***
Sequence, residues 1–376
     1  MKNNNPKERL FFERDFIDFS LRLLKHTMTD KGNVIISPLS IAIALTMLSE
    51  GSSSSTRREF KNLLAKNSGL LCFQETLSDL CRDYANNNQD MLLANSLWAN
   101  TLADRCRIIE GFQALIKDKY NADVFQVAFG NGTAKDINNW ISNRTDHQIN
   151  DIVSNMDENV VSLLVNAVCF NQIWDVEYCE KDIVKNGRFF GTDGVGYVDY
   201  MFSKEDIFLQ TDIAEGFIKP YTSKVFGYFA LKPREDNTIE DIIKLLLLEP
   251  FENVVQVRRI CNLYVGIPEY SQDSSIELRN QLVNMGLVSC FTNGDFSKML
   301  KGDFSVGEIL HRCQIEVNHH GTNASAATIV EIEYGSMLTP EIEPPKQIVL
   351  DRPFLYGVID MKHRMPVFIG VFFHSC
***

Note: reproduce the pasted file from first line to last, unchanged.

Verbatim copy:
Sequence, residues 1–376
     1  MKNNNPKERL FFERDFIDFS LRLLKHTMTD KGNVIISPLS IAIALTMLSE
    51  GSSSSTRREF KNLLAKNSGL LCFQETLSDL CRDYANNNQD MLLANSLWAN
   101  TLADRCRIIE GFQALIKDKY NADVFQVAFG NGTAKDINNW ISNRTDHQIN
   151  DIVSNMDENV VSLLVNAVCF NQIWDVEYCE KDIVKNGRFF GTDGVGYVDY
   201  MFSKEDIFLQ TDIAEGFIKP YTSKVFGYFA LKPREDNTIE DIIKLLLLEP
   251  FENVVQVRRI CNLYVGIPEY SQDSSIELRN QLVNMGLVSC FTNGDFSKML
   301  KGDFSVGEIL HRCQIEVNHH GTNASAATIV EIEYGSMLTP EIEPPKQIVL
   351  DRPFLYGVID MKHRMPVFIG VFFHSC